The Roma communities, the biggest ethnic minority group of Slovakia were historically travellers, but in the 20th century their lifestyle became unsustainable and they were increasingly forced to settle down, however, most of their values and customs that have evolved through centuries of nomadic living have stayed the same. They place a high value on extended family, have a strong sense of community and often a lack of trust for outsiders.
Roma people also face systemic racism and segregation that starts at a very young age. It has been observed that due to these circumstances young Roma mothers tend to keep their children at home until they reach the age of 5, where they don't interact with Slovak children. As a consequence, these kids often don't develop those crucial skills needed for school.
Although the village of Spissky Hrhov in Eastern Slovakia is a great case study for successful Roma integration, low pre-school attendance is still a major problem for local educators. In our research we found that young children staying at home are less likely to have a daily routine and develop a more structured sense of time, which will give them a substantial disadvantage in school, and in the long term might affect their future lives and careers. Moreover, the research showed that many of them follow a diet based on low nutritional quality food with few vegetables and fruit (contrary to the meals they would instead have in the kindergarten).
Changing a habit that has been passed down through generations is a slow process, even in a place like Spissky Hrhov where there are plenty of social initiatives and successful collaborations between the Slovak and Roma communities. Our project aims to facilitate this transition from the temporariness of the traveling mentality into the settled life of the 21st century Roma people, wishing to ease new generations into this new lifestyle while also respecting traditions.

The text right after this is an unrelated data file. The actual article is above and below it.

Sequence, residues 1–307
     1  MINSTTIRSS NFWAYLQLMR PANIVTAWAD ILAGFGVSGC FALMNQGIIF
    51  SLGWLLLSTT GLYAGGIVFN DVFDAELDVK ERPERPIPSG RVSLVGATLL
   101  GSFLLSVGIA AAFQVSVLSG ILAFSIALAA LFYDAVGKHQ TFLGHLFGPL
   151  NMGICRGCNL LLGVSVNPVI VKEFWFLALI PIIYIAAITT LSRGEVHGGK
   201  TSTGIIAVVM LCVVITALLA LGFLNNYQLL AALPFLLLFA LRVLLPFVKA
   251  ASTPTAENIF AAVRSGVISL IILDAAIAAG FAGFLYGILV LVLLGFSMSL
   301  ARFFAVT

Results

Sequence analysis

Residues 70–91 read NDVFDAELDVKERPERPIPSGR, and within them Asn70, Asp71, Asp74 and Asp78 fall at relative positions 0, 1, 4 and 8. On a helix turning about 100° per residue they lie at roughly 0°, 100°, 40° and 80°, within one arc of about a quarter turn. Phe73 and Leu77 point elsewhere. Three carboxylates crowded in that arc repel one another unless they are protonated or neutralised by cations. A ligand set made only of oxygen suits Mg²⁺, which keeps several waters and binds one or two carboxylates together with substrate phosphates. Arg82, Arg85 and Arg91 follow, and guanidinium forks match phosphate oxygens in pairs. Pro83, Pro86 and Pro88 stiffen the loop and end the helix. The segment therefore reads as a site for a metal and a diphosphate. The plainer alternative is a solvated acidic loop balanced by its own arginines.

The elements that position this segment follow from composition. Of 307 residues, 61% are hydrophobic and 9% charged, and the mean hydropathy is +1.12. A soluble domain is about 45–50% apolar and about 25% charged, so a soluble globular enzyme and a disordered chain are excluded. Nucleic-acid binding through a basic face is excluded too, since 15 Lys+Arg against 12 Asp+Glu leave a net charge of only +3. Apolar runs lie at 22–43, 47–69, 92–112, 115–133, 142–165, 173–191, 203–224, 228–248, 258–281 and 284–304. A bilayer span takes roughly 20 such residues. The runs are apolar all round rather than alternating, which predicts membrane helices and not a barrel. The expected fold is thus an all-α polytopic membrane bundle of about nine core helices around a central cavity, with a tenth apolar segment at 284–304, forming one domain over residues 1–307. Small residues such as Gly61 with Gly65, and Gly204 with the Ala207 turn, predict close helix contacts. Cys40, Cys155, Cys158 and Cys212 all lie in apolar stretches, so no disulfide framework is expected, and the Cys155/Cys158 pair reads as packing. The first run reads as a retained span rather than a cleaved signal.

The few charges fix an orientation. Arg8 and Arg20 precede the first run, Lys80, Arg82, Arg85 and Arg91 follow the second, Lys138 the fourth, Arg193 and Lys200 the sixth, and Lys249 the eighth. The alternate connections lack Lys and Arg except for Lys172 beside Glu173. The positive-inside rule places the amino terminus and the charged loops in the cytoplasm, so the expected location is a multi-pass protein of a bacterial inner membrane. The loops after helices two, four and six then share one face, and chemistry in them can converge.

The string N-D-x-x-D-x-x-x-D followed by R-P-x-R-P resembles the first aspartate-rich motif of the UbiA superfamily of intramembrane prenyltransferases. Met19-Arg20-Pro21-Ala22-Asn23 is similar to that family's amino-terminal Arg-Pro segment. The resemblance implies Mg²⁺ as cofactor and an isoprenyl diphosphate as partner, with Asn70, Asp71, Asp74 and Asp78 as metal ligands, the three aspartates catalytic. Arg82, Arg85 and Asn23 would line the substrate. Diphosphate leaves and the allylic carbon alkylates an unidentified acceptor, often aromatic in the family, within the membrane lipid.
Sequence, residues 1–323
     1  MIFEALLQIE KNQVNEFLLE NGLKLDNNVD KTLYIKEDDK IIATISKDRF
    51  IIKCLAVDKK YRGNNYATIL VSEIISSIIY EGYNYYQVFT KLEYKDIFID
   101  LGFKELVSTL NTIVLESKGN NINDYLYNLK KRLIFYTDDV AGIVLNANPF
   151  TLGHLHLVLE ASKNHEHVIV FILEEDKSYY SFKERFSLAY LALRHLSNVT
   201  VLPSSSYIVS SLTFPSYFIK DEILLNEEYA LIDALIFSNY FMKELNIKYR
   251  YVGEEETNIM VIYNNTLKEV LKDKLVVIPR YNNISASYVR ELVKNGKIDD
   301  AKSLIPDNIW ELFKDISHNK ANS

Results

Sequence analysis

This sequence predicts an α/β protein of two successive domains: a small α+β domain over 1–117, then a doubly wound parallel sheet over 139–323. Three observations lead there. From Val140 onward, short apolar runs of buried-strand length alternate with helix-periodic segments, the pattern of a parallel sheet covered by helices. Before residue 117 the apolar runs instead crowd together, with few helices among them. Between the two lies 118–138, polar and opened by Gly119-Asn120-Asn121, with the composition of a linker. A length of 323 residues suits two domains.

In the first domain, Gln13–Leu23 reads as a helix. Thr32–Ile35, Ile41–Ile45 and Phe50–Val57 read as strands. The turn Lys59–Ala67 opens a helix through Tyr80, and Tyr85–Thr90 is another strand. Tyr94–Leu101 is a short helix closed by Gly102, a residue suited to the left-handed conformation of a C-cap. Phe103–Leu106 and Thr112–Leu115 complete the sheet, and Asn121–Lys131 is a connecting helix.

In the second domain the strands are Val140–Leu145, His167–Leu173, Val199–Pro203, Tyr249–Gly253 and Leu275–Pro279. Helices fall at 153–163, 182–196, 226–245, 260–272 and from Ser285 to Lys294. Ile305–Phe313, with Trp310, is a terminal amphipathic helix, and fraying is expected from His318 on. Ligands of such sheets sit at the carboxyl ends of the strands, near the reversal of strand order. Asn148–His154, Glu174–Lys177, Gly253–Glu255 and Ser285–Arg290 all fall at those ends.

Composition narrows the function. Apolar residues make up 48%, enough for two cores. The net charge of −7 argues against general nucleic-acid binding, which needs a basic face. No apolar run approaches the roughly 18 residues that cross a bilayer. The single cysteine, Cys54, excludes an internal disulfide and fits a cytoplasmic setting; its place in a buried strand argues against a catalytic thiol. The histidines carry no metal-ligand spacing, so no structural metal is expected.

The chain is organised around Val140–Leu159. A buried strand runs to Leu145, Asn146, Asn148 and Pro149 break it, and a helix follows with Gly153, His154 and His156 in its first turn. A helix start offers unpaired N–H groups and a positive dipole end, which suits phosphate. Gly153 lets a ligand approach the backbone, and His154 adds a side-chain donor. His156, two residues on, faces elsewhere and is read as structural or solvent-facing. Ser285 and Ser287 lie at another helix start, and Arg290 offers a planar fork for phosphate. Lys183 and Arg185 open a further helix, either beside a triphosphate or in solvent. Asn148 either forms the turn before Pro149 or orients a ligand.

My Little Land is a community garden where each child born in the community gets a small plot of land with a fruit tree that is planted at the time of their birth and a raised bed where the child together with the parents can grow their own vegetable garden. The gardens can be seen as the extended self for each child, a representative within a community space that Slovak and Roma children cultivate together.
The goal is to nurture a sense of belonging and stronger connection to the environment, while educating children and parents about gardening, healthy diet and long term planning. The garden team would provide playbooks, workshops on gardening and healthy cooking and assistance for the families as well as a starter kit with seeds and a sapling for each child that will mature together with them. The project would also help kids and parents get familiar with the school environment as well as the Slovak community of the village.
Since a garden needs regular maintenance it would help the children develop a routine. In fact, by learning about the different needs of plants throughout the seasons they would gain a perspective on long term planning, together with their parents. They would also receive a calendar full of seasonal activities to help them in the process.
As the gardens grow, so would the sense of accomplishment and belonging among the Roma, and as they nurture the gardens in a community space together with Slovak families, they have the opportunity to connect by sharing gardening tips and collaborating through workshops. In doing so, we aim also to prepare the children for primary school, where they will need to share, communicate and learn together with other kids.
Over time, we hope that the project will encourage Roma people to start growing their own vegetables in their courtyard, introducing more vegetables and fruits in their diet. At the same time, we aim to build a stronger sense of ownership and a deeper connection to the local area. As the roots of the gardens deepen, so would the social fabric of the village.
The local school already has vegetable gardens for educational purposes and the village operates a popular community hotspot for children and parents. The project would build on the existing infrastructure and volunteers, who would be led by a professional gardener. The garden could become self-sustaining over time, functioning as a plant nursery as well as selling vegetables locally.
In order for the project to meet the goals we aim to achieve, it needs to be prototyped and tested with the community in Spišský Hrhov. To do so, we suggest trying the project with a small sample of families, observing and getting feedback to improve it. It is important to define key factors to measure in order to monitor the results of the project. It can then be scalable to a larger group of families and ideally even to the ones living in the localities near Spišský Hrhov.
Ella Weldon, Šárka Benešová